A Recession Could Push This Leveraged Oil and Gas ETF Higher

Recession fears are making their way into the oil and gas markets, which could mean that tamped-down demand for these commodities could set up profitable opportunities for inverse exchange traded funds (ETFs).

Reuters reported that recession fears could “dent fuel demand” after a rise in U.S. gasoline inventories. While that could mean less pain at the pump for consumers, traders bullish on oil and gas could be feeling the downward price pressure.

“At the end of the day, one of the big reasons why we’re sliding is fear of recession,” said Bob Yawger, executive director of energy futures at Mizuho, in the Reuters report.

The Federal Reserve has been caught in a balancing act of raising interest rates while guiding the economy to a soft landing amid inflation. Recession fears have been brewing in the capital markets for some time, but they may be making their way into lesser demand for commodities like oil and gas.

As the economy was heading back to normalcy following the pandemic, the demand for oil and gas surged as seen in the MSCI ACWI Oil, Gas & Consumable Fuels index. It shot up to over 100% within the last few years and never looked back.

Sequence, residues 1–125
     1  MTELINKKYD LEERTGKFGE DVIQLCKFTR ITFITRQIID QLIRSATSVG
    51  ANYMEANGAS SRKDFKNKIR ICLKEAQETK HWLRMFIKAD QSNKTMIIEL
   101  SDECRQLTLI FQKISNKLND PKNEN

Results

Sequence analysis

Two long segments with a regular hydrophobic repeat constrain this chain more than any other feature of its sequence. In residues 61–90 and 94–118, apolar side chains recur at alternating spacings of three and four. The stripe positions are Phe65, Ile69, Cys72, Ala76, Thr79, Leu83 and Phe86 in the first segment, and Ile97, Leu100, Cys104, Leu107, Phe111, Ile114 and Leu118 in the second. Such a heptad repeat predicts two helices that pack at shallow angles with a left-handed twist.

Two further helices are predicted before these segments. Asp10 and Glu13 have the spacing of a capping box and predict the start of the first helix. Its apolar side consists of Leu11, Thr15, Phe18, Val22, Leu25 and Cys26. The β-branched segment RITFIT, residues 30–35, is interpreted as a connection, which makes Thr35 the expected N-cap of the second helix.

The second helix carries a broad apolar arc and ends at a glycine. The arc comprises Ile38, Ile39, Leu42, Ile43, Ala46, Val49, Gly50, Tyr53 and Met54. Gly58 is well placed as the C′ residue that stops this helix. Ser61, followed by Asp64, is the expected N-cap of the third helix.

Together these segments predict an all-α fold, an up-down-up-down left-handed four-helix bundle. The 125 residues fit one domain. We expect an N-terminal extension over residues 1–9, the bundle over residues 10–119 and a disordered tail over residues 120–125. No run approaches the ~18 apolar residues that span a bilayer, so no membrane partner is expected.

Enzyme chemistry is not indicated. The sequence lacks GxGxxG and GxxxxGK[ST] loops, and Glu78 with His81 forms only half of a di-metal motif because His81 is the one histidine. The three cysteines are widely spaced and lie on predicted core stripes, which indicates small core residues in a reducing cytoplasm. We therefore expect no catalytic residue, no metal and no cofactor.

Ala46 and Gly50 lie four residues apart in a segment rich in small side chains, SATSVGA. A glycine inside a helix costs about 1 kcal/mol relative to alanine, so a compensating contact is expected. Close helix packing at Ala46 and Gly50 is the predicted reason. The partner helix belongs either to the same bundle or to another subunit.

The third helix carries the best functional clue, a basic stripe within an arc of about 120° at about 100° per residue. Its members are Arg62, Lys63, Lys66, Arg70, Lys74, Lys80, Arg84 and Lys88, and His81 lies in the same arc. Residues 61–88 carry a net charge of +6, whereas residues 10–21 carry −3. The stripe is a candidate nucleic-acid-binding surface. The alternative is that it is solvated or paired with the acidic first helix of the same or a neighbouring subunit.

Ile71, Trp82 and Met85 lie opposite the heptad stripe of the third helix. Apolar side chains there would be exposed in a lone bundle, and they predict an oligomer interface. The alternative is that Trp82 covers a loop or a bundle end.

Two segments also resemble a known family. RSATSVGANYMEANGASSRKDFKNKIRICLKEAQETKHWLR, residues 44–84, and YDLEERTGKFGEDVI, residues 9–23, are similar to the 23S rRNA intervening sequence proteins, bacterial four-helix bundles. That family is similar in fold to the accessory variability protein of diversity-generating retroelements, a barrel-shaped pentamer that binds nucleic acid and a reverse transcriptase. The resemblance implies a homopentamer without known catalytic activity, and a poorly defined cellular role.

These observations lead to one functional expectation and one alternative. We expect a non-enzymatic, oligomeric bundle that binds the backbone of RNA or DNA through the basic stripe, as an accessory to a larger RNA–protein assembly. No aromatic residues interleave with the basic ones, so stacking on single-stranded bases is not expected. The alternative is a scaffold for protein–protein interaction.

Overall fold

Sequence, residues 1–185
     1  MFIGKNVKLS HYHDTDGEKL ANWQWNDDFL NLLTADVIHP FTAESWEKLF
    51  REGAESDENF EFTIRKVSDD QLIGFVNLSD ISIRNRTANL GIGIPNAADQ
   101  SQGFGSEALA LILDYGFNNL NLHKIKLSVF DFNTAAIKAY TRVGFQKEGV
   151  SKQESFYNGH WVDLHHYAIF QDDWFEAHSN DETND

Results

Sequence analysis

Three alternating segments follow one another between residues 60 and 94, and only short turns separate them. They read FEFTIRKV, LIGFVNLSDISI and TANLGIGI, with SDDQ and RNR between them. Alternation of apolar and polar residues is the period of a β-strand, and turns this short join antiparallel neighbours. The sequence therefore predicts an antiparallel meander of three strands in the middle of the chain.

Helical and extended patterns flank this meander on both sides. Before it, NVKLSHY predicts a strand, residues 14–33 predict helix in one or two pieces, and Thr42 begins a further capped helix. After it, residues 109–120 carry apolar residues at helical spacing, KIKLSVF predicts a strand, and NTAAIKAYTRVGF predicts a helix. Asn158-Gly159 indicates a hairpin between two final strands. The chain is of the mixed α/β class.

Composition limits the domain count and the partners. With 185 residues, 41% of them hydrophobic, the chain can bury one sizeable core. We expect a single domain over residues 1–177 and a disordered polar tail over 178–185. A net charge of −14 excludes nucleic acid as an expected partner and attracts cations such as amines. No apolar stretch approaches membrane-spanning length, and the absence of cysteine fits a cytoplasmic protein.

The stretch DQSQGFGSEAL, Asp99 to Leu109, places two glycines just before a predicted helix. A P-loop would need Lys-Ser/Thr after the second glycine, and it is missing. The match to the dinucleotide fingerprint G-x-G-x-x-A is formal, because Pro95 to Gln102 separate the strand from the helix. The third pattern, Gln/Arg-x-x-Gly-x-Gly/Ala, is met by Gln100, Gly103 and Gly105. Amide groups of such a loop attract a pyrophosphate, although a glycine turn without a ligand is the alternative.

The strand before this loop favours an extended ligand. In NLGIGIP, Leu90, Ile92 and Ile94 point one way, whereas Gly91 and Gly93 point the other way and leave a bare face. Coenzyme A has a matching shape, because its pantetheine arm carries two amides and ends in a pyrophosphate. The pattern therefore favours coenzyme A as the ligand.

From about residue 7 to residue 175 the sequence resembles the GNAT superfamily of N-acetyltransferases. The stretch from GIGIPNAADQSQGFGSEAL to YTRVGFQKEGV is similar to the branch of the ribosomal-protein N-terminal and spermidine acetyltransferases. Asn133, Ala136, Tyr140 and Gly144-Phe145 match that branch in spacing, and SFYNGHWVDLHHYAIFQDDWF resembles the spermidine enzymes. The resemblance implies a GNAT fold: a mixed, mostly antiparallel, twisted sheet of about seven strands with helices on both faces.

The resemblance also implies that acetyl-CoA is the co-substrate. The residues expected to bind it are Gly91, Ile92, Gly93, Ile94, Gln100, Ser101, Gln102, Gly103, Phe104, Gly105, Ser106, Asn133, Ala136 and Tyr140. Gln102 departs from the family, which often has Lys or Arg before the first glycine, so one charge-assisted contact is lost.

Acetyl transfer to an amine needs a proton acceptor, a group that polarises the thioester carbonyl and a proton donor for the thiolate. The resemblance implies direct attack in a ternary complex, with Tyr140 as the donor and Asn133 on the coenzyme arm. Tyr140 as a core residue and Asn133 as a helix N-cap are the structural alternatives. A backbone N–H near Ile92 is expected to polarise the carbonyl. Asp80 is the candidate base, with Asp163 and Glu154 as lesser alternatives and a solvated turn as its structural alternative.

^MSACWIOGCF data by YCharts

At some point, the index was going to fall back down and it has so far this year. It’s down just under 1% but could be the early beginnings of more bearish things to come.


^MSACWIOGCF data by YCharts

Double Down on Bearish Oil, Gas Bets

If more weakness in the oil and gas market is ahead, traders can consider the Direxion Daily S&P Oil & Gas Exp. & Prod. Bear 2X Shares (DRIP) to double down on bearish bets. The fund itself seeks daily investment results of 200%, or 200% of the inverse (or opposite), of the performance of the S&P Oil & Gas Exploration & Production Select Industry Index.

Playing off the recent weakness in oil and gas prices, the fund is up about 13% within the last few months. As recession fears amplify, it could feed into more strength for DRIP.

“At the core of the current bout of price malaise are concerns that rising interest rates could hit economic growth,” said Stephen Brennock of oil broker PVM, in another Reuters report.

DRIP Chart

DRIP data by YCharts

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